Premiere - 05/01/2003
"...Malkovich is more interested in hitting the notes of elegiac lyricism than delivering socko action; this is a thriller that means to get under your skin..."
New York Times - 05/02/2003
"...A worthy effort because Mr. Malkovich proves his devotion to actors....A gripping story....His trademark confidence is displayed by his insistence on a slowed rhythm to demand audience attention..."
USA Today - 05/02/2003
"...It has an elusive, haunting quality..."
Chicago Sun-Times - 05/02/2003
"...THE DANCER UPSTAIRS is elegantly, even languorously, photographed by Jose Luis Alcaine....[The film] moves with a compelling intensity toward its conclusion..."
Rolling Stone - 05/29/2003
"...John Malkovich makes an elegantly stylized debut....Delicate and devastating..."
Los Angeles Times - 05/02/2003
"...[A] pleasurably nerve-jangling thriller....[Malkovich is] as much a natural behind the camera as in front of it..."
Entertainment Weekly - 09/26/2003
"...A discriminating directorial debut....It's the intricate plot -- which quietly examines a torn man's rectitude -- and Bardem's vibrant performance that leave an indelible mark..."
USA Today - 09/26/2003
"...[The film] has an elusive haunting quality few movies these days have..."
Total Film - 11/01/2003
"John Malkovich makes a thoughtful directorial debut with this intelligent political thriller..."
The directorial debut of John Malkovich, THE DANCER UPSTAIRS is a riveting political drama set in an undetermined Latin American city. A revolution has started, and the local police have been assigned to figure out who is leading it and what exactly the revolutionaries want. Agustin Rejas (Javier Bardem) is the detective leading the investigation. However, with the military involved and corrupt government officials making Rejas's job especially difficult, he faces constant frustrations. The leader of the revolution goes by the name Ezequiel, but the police cannot figure out his true identity. Even more beguiling are the increasingly violent terrorist incidents that appear to be carried out by children who swear their loyalty to Ezequiel with no explanation of why. Caught up in the middle of the revolution and Rejas's investigation are his wife, his young daughter, and his daughter's lovely ballet teacher, Yolanda (Laura Morante). One event after the next adds to the suspense and nagging anxiety felt by Rejas, until finally, with one shocking discovery, everything becomes frighteningly clear.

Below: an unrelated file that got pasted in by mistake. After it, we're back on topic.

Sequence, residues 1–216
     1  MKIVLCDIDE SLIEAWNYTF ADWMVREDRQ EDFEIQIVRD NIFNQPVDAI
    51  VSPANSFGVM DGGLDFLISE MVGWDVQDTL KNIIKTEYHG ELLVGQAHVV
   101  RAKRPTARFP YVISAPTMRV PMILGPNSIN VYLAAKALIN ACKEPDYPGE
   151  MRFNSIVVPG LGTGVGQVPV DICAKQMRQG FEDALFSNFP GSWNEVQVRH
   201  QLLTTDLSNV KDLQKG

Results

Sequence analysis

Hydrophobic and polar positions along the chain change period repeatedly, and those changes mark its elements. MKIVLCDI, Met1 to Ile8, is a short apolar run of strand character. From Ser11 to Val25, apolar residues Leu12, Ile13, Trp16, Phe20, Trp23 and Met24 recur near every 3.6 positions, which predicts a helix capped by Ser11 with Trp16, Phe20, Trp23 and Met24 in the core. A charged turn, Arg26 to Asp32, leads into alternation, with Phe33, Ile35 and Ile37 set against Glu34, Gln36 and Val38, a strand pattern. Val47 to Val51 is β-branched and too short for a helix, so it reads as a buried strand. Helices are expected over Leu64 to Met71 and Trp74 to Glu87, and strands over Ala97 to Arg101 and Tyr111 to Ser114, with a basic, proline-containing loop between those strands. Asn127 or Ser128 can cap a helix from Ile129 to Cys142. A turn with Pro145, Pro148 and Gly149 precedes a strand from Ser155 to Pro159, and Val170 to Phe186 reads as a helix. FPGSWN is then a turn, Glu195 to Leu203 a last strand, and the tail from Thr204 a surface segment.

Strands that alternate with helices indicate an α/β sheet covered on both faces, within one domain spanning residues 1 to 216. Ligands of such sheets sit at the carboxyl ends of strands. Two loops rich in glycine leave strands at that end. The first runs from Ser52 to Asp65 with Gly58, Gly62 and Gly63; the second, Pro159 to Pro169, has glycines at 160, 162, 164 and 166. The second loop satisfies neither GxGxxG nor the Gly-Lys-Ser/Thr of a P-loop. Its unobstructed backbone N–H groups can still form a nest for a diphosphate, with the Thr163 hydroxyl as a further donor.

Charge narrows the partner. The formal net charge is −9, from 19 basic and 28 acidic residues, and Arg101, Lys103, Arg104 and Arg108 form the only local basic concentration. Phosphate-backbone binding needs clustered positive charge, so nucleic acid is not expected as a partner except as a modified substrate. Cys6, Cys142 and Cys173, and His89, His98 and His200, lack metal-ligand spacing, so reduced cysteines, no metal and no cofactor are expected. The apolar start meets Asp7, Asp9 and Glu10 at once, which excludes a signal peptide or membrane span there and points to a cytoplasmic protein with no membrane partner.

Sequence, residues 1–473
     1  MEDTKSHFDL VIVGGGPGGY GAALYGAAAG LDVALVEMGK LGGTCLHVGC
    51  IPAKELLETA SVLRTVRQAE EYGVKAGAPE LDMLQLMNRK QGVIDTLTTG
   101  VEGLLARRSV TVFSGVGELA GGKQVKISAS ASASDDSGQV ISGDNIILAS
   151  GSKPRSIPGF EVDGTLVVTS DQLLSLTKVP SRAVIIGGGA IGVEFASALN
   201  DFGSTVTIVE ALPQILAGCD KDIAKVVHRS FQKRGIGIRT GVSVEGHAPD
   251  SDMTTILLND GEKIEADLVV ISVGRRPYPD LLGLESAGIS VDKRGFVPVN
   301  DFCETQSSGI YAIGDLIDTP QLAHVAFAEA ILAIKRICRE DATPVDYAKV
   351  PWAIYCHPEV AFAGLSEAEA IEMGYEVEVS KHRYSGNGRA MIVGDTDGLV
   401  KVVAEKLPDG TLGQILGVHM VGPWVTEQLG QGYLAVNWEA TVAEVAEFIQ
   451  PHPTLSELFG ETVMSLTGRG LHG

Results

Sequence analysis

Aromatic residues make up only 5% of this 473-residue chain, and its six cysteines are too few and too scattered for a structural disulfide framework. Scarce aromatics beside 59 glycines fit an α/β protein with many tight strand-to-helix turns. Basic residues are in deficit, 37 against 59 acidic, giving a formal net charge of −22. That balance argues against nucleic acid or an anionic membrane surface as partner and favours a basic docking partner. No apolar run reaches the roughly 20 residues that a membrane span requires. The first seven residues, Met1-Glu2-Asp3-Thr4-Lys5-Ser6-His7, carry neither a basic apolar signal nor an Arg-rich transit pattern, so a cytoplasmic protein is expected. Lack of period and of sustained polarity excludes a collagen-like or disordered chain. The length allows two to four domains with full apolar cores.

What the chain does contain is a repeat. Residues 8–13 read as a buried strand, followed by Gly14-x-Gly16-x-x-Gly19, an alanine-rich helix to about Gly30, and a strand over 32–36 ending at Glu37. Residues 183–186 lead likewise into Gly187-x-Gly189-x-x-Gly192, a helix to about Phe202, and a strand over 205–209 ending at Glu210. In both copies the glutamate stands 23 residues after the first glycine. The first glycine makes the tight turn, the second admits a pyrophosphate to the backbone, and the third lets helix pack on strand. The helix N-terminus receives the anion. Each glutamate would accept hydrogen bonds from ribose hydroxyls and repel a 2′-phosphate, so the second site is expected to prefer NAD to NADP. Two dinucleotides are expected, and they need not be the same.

Combining a serious political drama with a tender and introspective look at a man in mid-life, THE DANCER UPSTAIRS has something for every viewer. Its scenes of violence and terror are offset with truly artistic and romantic moments, using excellent photography, striking sets, and graceful acting to bring cohesion to the duality of the plot.
South America |
Theatrical Release |